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Veteran Soviet spy, Boris Gudz, dies at 104

Veteran Soviet spy, Boris Gudz, dies at 104

Boris Gudz, a veteran of the Soviet secret police who helped track down British spy Sydney Reilly in the early 1920s, has died. He was 104.
Gudz died in Moscow on Wednesday, said a spokesman for the Federal Security Service, or FSB, who refused to give his name citing agency policy.
Gudz joined the Bolshevik OGPU secret police in 1923 and in 1925 took part in its so-called Operation Trust aimed at luring Reilly, a top British agent, to Russia to join an anti-Bolshevik organization that was in fact an OGPU trap. Reilly was arrested after crossing the border into Russia from Finland and executed shortly afterward.
Later in the 1920s, Gudz took part in security operations to disarm anti-Bolshevik militants in Chechnya and Dagestan. In the 1930s, he became involved in coordinating espionage operations in the Pacific region and worked as a Soviet resident in Japan in 1934-1936, according to the FSB statement carried by the RIA-Novosti news agency. Upon his return to Moscow, Gudz handled a group led by Richard Zorge, a top Soviet spy in Japan.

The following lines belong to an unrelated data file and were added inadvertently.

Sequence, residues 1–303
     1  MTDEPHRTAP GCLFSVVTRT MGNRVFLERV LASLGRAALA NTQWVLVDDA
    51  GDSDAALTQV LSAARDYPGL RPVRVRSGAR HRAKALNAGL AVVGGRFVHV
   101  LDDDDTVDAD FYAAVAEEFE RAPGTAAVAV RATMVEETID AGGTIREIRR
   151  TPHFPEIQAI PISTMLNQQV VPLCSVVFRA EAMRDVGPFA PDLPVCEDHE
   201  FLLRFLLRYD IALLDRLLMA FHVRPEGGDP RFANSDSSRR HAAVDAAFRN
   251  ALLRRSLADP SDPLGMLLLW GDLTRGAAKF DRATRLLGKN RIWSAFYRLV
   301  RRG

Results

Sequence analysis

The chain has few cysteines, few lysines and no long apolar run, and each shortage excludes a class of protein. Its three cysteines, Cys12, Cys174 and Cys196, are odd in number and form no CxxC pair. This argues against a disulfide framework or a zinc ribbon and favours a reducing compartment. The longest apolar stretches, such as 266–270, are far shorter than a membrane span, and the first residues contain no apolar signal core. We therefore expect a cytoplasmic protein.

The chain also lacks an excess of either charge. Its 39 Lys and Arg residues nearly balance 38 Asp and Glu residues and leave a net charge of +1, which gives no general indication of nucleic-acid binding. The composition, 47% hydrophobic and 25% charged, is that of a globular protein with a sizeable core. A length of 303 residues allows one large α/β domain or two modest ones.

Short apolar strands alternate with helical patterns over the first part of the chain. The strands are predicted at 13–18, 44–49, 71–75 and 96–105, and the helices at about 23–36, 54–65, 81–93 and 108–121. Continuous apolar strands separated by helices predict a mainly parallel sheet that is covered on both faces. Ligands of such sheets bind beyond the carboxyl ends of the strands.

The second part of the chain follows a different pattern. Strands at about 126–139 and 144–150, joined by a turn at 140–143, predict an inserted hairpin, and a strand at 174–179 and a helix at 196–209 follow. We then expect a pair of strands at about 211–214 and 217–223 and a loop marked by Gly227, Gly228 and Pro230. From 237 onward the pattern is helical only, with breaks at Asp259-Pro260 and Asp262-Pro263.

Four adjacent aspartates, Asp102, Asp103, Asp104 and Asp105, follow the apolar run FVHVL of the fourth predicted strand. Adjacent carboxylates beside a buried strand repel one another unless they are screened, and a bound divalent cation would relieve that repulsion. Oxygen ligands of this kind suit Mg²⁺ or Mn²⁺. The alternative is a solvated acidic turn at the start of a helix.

After Gudz's sister was arrested in Soviet dictator Josef Stalin's purges, he was ousted from his job, stripped of his Communist Party membership and had to work as a bus driver. He later got back his party card and held various administrative jobs.
Beginning in the late 1960s, Gudz consulted for Soviet film directors and writers on movies about the Soviet spy service.
"He was a charismatic, well educated and intelligent man with a sharp sense of humor and interest in life and people, and it was hard to believe he was (more than) a century old _ so shining were his eyes and so profound was his thinking," the FSB and the Society for the History of the Russian Secret Services said in their obituary carried by RIA-Novosti.
A mourning ceremony for Gudz will be held Saturday at the FSB Central Hospital in Moscow.


Updated : 2021-04-11 10:15 GMT+08:00